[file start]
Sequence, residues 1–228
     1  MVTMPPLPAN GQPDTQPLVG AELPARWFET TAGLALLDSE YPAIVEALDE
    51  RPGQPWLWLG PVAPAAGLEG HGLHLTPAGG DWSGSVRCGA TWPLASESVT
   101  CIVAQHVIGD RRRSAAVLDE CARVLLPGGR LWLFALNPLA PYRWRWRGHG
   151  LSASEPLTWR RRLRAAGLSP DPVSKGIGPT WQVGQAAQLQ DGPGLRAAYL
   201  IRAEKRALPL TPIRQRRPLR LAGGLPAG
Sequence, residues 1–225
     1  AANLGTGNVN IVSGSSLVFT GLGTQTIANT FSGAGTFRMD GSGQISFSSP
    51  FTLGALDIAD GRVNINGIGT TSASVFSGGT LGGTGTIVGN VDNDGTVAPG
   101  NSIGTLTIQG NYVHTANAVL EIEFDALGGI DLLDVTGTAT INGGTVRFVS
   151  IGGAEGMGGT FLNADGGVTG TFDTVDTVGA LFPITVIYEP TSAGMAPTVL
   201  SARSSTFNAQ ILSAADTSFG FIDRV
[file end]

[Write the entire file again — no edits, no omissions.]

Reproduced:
Sequence, residues 1–228
     1  MVTMPPLPAN GQPDTQPLVG AELPARWFET TAGLALLDSE YPAIVEALDE
    51  RPGQPWLWLG PVAPAAGLEG HGLHLTPAGG DWSGSVRCGA TWPLASESVT
   101  CIVAQHVIGD RRRSAAVLDE CARVLLPGGR LWLFALNPLA PYRWRWRGHG
   151  LSASEPLTWR RRLRAAGLSP DPVSKGIGPT WQVGQAAQLQ DGPGLRAAYL
   201  IRAEKRALPL TPIRQRRPLR LAGGLPAG
Sequence, residues 1–225
     1  AANLGTGNVN IVSGSSLVFT GLGTQTIANT FSGAGTFRMD GSGQISFSSP
    51  FTLGALDIAD GRVNINGIGT TSASVFSGGT LGGTGTIVGN VDNDGTVAPG
   101  NSIGTLTIQG NYVHTANAVL EIEFDALGGI DLLDVTGTAT INGGTVRFVS
   151  IGGAEGMGGT FLNADGGVTG TFDTVDTVGA LFPITVIYEP TSAGMAPTVL
   201  SARSSTFNAQ ILSAADTSFG FIDRV